I give thanks to God for many things at this time of year, including the joy of living the liturgical calendar, which is such a consolation and guide for one’s spirituality through the seasons of life and the seasons of the year.  Each liturgical year is like a whole catechesis of the Christian faith, as well as a kind of microcosm of the entire life of the believer, from birth and baptism to final anointing and death.



The Feast of Christ the King emphasizes themes that were very dear to the Mexican Christeros, the Catholics who rebelled against the Mexican government in 1926-29 in order to preserve their freedom of religion.  Thousands died, some after being mocked and tortured.  A personal favorite of mine is the young teen martyr Jose Luis Sanchez del Rio, who died shouting “Long live Christ the King!” (Viva Christo Rey!)  



The example of these martyrs remind us that, finally, every human being will face Christ the King, the one who will pass final judgment on all that has been done in this life.  Such is also the them for this Sunday’s readings.



1.  The First Reading is Daniel 7:13-14:


Friday, November 13, 2015

Time Flies: The 33rd Sunday of OT

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“Tempus fugit,” the Romans used to say.  “Time flies.”  It’s hard to believe that we are already at the second-to-last Sunday of the liturgical year.



[My brother Tim used to say, “Time flies like an arrow, but fruit flies like a banana.”  But that has nothing to do with anything.]



Where has the year gone?  How can it be so close to the end already?  Yet these feelings are very appropriate for Mass we will celebrate this Sunday, whose readings encourage us to count time carefully, to be aware of its passage, to meditate on our mortality and the passing of all things, and to think soberly of the end and the final judgment. 



The Church gives us the entire month of November to contemplate the Last Things: Death, Judgment, Heaven, and Hell.  We still have about two weeks left, and we should resist letting Advent and Christmas “creep forward” in our thoughts and spirituality, causing us to miss the graces that are meant for us in November.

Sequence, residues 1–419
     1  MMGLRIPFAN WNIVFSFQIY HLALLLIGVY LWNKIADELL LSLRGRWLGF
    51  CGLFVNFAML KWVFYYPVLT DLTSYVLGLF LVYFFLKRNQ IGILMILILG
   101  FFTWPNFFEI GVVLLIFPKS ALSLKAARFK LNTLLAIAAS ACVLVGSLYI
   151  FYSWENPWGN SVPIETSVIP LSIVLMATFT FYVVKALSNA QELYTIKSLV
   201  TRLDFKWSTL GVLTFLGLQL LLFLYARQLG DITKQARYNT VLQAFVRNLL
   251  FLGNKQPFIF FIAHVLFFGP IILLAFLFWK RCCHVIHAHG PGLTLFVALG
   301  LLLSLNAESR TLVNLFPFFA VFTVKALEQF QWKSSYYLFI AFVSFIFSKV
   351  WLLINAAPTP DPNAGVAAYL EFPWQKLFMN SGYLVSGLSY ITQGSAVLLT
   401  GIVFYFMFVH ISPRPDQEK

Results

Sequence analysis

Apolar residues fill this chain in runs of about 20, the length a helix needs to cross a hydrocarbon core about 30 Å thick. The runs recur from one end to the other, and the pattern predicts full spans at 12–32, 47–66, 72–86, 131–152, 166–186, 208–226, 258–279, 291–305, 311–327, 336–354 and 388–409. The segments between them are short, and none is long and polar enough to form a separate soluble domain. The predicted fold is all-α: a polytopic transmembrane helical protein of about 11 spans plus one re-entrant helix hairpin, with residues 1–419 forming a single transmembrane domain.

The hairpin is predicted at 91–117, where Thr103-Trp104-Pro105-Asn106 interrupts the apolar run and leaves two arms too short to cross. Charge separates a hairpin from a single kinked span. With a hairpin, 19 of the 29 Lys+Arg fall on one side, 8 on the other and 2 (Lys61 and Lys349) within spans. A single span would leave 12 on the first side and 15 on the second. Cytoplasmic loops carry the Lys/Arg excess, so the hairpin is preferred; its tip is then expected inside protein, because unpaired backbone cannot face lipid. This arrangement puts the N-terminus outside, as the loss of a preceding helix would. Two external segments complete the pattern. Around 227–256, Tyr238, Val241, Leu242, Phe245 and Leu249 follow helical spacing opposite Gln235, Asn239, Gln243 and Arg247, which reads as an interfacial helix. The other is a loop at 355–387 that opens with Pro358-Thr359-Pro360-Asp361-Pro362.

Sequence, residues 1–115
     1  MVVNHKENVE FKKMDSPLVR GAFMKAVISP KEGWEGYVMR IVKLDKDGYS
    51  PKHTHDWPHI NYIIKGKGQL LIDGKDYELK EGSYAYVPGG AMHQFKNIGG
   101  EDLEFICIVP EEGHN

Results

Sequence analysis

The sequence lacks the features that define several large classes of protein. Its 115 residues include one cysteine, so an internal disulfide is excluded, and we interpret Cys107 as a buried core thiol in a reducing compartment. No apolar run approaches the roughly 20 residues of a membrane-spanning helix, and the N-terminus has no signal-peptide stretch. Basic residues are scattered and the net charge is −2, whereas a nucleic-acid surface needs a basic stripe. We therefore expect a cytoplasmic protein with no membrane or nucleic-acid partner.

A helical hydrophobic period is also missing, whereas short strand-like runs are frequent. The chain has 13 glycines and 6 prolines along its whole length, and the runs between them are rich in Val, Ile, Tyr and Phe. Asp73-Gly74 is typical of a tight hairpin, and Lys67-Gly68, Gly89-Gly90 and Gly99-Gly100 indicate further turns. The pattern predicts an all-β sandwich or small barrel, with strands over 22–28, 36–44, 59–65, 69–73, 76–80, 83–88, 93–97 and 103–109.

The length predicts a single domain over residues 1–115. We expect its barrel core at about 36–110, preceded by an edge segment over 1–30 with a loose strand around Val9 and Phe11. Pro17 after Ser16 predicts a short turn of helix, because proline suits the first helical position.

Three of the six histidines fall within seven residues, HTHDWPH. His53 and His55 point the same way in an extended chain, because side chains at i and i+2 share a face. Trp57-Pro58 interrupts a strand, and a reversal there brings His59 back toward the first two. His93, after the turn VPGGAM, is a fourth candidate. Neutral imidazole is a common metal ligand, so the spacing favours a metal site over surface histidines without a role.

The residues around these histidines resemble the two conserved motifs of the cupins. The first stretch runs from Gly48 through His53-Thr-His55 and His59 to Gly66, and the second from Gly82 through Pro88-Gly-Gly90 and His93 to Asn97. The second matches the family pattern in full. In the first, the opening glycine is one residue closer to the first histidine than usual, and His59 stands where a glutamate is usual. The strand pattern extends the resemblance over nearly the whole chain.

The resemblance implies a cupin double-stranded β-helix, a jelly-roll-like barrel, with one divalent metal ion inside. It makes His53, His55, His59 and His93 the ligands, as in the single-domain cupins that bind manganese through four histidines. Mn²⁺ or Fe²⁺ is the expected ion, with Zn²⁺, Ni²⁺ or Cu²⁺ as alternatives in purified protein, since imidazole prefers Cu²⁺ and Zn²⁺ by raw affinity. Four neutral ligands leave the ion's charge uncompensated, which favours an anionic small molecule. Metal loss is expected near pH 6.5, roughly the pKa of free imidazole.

1. The Readings look forward to the final judgment.  The First is Daniel 12:1-3:


Thursday, November 05, 2015

The Economics of Heaven: The 32nd Sunday in Ordinary Time

In this 32nd Sunday in Ordinary Time, the Church calls us to look more deeply at reality, beyond simply conventional wisdom toward the dawning life of the world to come. In the new world, there is a different economic system, one in which self-giving generosity, no matter how meager in the eyes of this age, is able to generate a fantastic return on one’s investment. This dynamic is mysterious present in our first reading that comes from 1 Kings 17:10-16.

First Reading: I Kings 17:10-16
In those days, Elijah the prophet went to Zarephath.
As he arrived at the entrance of the city,
a widow was gathering sticks there; he called out to her,
"Please bring me a small cupful of water to drink."
She left to get it, and he called out after her,
"Please bring along a bit of bread."
She answered, "As the LORD, your God, lives,
I have nothing baked; there is only a handful of flour in my jar
and a little oil in my jug.
Just now I was collecting a couple of sticks,
to go in and prepare something for myself and my son;
when we have eaten it, we shall die."
Elijah said to her, "Do not be afraid.
Go and do as you propose.
But first make me a little cake and bring it to me.
Then you can prepare something for yourself and your son.
For the LORD, the God of Israel, says,
'The jar of flour shall not go empty,
nor the jug of oil run dry,
until the day when the LORD sends rain upon the earth.'"
She left and did as Elijah had said.
She was able to eat for a year, and he and her son as well;
the jar of flour did not go empty,
nor the jug of oil run dry,
as the LORD had foretold through Elijah.